FAMES (Fatality Analysis of Maintenance-of-way Employees and Signalmen) is a committee that was formed by the Federal Roadway Administration (FRA) to review roadway worker fatalities. The purpose of FAMES is to identify risks in the industry and improve the safety of workers for the future. They have recently released a report that details the importance of effective On-Track Safety Briefings and the following are some of the key highlights and takeaways from their findings.
Importance of On-Track Safety Briefings
The FAMES report analyzed 39 roadway worker fatality accidents from the past 24 years, with a particular emphasis on On-Track Safety Briefings. These briefings are designed to tell roadway workers which safety equipment they will need for the day and give them an opportunity to ask any questions.
The major finding from the report was that of the 39 accidents analyzed, 19 of them, or 46%, were found to have had “insufficient or nonexistent On-Track Safety Briefings.” The top recommendation from FAMES is that supervisors always conduct a sufficient briefing before any roadway worker takes to the track.
Of the 19 incidents that did not have a briefing, eight were due to accidents on an adjacent track. FAMES also recommends that adjacent tracks be a discussion point in On-Track Safety Briefings.
The FAMES committee also highlighted the importance of roadway workers’ right to exercise a “good faith challenge.” A good faith challenge means that when roadway workers believe that there are unresolved on-track safety issues, they have the right to stay clear of the tracks until these issues are resolved. The report recommends that roadway workers understand their rights to initiate a good faith challenge and should not hesitate to do so.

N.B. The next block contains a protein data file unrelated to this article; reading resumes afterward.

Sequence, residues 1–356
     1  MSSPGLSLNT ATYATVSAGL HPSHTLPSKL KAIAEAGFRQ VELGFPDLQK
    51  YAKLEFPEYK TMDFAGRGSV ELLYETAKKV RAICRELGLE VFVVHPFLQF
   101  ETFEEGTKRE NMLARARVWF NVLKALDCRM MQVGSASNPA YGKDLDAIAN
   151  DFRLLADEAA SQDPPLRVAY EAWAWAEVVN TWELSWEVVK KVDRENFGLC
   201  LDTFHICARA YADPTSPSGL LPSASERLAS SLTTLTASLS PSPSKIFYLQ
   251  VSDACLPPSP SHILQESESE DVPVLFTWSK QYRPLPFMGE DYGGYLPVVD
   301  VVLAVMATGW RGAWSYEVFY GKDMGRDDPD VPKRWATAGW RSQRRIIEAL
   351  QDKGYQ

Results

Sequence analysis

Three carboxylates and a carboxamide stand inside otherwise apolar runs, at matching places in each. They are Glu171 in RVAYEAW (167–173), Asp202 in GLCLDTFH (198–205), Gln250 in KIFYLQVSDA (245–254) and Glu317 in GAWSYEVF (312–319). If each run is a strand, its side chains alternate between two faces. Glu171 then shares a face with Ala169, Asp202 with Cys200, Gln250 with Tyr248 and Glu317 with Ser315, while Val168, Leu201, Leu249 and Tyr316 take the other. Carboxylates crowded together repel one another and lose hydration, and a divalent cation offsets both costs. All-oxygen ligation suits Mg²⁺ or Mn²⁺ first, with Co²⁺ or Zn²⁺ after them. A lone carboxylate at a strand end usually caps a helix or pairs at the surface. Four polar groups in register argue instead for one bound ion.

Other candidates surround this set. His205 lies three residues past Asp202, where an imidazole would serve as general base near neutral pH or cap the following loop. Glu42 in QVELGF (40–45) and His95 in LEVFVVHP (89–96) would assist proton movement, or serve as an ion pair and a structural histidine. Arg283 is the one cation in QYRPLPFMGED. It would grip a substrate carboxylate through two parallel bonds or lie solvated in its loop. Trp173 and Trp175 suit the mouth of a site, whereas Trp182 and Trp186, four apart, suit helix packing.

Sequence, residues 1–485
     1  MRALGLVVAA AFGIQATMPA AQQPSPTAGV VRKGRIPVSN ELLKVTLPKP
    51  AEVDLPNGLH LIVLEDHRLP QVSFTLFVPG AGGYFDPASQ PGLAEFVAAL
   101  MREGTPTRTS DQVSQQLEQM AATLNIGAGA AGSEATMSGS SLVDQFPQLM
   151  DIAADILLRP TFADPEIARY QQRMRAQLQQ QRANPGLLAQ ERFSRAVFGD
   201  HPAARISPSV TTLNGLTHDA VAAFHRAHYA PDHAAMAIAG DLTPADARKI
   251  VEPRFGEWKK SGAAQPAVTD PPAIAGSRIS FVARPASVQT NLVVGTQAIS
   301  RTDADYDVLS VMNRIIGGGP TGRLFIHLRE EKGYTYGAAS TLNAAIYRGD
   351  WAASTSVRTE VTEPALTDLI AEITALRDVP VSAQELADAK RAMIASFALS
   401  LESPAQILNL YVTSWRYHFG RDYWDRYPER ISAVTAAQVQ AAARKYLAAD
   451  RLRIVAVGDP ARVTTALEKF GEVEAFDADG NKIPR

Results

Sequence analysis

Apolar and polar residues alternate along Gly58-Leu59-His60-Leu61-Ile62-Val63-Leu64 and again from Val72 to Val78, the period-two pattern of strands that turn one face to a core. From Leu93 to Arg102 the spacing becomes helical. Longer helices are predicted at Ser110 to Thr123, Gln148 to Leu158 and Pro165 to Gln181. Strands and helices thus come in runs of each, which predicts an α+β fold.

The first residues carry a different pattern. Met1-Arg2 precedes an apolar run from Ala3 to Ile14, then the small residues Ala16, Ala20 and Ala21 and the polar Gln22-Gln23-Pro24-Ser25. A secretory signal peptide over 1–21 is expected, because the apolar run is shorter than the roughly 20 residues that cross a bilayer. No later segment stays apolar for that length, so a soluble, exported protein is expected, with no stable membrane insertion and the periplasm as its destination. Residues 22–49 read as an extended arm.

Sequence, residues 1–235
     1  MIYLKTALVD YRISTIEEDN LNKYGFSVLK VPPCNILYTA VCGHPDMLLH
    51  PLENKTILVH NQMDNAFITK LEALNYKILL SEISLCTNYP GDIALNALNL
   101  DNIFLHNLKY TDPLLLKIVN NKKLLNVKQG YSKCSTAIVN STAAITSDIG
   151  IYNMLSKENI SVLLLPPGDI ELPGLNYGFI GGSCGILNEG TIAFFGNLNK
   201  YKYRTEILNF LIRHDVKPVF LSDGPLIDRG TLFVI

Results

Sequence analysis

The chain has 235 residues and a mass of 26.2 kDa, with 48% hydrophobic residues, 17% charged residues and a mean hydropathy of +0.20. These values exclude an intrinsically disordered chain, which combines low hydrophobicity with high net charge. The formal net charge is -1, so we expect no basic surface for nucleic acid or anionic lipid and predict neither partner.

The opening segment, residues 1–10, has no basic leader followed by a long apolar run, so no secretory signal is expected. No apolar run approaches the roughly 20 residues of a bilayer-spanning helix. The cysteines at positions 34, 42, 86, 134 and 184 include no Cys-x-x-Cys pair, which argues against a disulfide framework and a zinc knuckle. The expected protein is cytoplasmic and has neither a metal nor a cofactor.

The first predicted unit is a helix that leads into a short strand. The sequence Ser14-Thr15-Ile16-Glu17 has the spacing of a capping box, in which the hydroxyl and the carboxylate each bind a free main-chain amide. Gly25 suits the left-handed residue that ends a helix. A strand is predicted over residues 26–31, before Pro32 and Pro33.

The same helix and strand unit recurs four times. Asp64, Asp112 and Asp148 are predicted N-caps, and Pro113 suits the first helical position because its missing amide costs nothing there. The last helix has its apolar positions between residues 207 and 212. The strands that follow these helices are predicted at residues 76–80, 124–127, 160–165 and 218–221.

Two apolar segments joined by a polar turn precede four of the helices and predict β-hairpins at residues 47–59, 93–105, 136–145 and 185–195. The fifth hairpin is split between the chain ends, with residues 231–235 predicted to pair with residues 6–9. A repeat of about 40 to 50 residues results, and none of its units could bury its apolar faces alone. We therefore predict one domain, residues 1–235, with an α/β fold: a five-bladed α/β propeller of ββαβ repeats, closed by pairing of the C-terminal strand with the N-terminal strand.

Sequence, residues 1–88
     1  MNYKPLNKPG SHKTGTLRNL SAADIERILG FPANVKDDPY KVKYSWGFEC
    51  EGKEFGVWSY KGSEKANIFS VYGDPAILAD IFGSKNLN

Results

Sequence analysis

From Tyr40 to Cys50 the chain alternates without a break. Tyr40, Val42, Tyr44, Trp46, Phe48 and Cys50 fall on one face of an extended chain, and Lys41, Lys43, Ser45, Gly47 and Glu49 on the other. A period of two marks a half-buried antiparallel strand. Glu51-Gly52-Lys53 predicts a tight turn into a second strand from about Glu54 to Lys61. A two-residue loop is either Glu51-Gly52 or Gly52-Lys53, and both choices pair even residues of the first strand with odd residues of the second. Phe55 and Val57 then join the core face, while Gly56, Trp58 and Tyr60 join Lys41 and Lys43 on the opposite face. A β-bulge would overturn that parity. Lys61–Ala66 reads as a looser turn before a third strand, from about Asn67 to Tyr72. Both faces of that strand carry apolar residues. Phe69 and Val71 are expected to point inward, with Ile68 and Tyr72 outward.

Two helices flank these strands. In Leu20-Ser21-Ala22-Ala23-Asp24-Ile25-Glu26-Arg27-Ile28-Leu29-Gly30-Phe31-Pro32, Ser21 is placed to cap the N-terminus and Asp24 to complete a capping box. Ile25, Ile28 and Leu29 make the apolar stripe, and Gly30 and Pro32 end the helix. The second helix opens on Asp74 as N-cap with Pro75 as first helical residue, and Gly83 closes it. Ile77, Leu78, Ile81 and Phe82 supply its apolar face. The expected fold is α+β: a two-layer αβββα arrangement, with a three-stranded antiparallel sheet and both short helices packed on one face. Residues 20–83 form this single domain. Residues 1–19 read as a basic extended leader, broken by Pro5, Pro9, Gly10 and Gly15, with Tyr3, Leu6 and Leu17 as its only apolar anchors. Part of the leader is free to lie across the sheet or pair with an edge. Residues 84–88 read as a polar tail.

FAMES also recommends that On-Track Safety Briefings incorporate the roadway workers more into the discussion, believing that active participation can be beneficial to safety. Roadway workers should be encouraged to ask questions and participate in discussions involving safety concerns.
The report also highlighted that a briefing cannot be complete until every roadway worker adequately understands and acknowledges the safety measures that will be utilized that day. In addition, FAMES recommends that safety briefings occur again after meal breaks or long periods of inactivity.
Speak to Railroad Injury Attorneys
Working in the railroad industry can be extremely dangerous, even if On-Track Safety Briefings are done regularly. If you or a loved one have suffered an injury or chronic illness due to working on the railroads, contact an experienced railroad injury attorney today. Learn how Doran & Murphy, PLLC could help protect your rights and get you the compensation you deserve after suffering a terrible accident.